Balut is a traditional Filipino delicacy well-known not only in the Philippines but worldwide, often eliciting a wide range of reactions due to its unique nature. It is a fertilized duck egg that has been incubated for anywhere between 14 to 18 days, depending on regional preferences and traditions. The incubation allows the duck embryo inside the egg to develop, after which the egg is boiled much like a regular chicken egg. The result is a unique food item that contains not only the typical components of a boiled egg but also the partially-formed embryo of a duck.

Consuming Balut involves a particular method: the top of the egg is cracked open, and the liquid broth, considered flavorful and nutritious, is sipped. This broth is the amniotic fluid in which the embryo floats. The rest of the egg is then peeled, revealing the partially-formed duck embryo and a yolk. All of these parts are typically eaten. The taste of Balut is often described as rich, hearty, and similar to a whole chicken soup. On the other hand, the texture can be slightly more challenging for first-time tasters due to the combination of the tender duck embryo and harder yolk.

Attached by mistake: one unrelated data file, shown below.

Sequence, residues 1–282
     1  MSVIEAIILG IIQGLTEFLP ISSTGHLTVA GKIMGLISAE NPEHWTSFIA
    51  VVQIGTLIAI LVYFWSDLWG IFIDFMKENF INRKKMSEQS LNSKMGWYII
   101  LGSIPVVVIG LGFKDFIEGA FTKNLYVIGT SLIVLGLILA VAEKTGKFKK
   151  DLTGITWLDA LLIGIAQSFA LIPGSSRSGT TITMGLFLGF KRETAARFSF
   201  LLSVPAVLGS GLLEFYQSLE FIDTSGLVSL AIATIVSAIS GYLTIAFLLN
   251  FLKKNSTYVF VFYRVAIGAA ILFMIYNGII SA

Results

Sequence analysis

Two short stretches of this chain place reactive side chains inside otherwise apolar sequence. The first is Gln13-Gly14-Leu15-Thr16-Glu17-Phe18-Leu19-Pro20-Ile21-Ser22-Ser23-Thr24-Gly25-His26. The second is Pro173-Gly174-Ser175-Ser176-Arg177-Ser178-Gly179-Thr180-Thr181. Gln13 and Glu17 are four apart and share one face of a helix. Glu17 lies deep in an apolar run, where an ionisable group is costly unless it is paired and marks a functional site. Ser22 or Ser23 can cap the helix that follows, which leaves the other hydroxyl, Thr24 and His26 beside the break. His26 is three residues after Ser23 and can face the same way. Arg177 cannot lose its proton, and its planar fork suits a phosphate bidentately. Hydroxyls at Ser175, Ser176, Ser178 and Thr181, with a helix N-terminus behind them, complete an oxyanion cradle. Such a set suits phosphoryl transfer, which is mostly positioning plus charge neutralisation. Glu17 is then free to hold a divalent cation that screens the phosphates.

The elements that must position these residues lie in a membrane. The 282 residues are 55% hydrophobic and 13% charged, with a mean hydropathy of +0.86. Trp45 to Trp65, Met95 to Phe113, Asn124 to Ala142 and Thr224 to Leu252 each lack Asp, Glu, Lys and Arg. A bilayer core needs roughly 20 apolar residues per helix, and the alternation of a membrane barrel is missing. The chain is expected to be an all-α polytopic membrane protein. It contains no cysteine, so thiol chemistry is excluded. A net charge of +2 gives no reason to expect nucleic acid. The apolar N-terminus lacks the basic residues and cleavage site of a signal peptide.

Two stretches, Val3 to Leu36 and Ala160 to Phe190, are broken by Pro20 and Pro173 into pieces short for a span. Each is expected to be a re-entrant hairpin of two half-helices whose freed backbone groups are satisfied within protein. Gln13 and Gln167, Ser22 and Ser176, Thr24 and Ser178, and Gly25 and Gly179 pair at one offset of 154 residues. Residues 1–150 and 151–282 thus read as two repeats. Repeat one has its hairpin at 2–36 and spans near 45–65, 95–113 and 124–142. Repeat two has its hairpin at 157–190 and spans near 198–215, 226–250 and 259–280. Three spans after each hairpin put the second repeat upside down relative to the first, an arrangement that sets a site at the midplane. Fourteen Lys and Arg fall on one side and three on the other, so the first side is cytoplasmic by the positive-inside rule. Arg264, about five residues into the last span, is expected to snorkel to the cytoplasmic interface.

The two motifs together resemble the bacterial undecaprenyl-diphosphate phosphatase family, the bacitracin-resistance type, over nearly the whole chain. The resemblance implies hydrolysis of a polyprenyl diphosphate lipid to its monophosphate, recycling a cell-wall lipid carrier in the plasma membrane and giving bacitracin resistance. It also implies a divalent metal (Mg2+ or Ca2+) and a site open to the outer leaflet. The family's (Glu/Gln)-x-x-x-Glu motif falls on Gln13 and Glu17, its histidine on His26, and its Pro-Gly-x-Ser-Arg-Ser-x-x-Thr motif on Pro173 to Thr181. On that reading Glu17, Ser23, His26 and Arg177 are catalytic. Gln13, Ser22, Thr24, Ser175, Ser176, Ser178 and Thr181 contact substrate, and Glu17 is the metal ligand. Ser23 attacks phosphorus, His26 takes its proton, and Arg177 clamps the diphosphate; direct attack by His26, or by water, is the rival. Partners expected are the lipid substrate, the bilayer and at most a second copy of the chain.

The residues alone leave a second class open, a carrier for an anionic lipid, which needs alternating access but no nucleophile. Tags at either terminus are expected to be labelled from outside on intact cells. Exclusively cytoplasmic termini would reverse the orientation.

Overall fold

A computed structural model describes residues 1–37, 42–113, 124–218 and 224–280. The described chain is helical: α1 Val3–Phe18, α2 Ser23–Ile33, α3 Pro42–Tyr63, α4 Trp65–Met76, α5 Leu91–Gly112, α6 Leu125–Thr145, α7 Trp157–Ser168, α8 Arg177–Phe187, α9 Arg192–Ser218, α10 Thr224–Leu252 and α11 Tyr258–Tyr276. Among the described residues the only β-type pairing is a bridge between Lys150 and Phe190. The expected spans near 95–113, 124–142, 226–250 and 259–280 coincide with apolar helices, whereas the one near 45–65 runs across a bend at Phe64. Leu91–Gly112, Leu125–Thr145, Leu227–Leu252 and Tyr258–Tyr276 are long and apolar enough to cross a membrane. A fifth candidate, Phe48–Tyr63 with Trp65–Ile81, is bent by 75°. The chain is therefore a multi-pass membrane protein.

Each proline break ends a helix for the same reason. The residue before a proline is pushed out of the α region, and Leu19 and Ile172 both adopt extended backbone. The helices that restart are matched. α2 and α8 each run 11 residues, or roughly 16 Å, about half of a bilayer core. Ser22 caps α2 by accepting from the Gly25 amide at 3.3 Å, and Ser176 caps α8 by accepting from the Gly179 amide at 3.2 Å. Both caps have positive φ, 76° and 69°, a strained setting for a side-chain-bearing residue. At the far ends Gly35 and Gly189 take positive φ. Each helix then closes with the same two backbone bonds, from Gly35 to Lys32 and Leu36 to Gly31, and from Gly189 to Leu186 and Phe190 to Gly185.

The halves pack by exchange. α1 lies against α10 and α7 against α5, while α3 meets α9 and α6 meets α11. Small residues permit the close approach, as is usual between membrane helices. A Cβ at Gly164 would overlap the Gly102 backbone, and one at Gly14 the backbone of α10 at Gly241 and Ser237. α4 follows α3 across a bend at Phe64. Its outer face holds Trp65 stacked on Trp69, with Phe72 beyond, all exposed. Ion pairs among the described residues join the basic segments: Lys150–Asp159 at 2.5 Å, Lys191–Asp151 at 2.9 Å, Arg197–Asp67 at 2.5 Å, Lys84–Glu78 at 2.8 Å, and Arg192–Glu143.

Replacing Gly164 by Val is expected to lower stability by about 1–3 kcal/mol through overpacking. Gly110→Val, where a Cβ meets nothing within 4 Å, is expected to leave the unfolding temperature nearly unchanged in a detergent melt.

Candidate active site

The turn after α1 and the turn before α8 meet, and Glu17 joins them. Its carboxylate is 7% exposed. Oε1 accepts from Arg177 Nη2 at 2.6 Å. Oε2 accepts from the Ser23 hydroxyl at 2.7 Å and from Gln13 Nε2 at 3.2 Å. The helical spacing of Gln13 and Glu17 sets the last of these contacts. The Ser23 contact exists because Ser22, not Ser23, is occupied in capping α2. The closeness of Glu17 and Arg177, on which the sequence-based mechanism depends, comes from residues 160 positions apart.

Nutritionally, Balut is a powerhouse. It is high in protein and nutrients like calcium and vitamin A, making it a popular nutritious snack, especially among pregnant women and athletes.┬áDespite its nutritional value, Balut has been controversial due to animal rights concerns. However, it remains a deeply embedded part of Filipino culture and cuisine. In addition to the Philippines, it’s also consumed in other Southeast Asian countries like Laos, Cambodia, and Vietnam, where it’s known under different names.

Street vendors usually sell Balut during the evening, and are often paired with a cold beer. It’s also served in some restaurants and bars. Despite its distinctive nature, for many, Balut is a symbol of national identity and a testament to the diverse culinary traditions of the Philippines.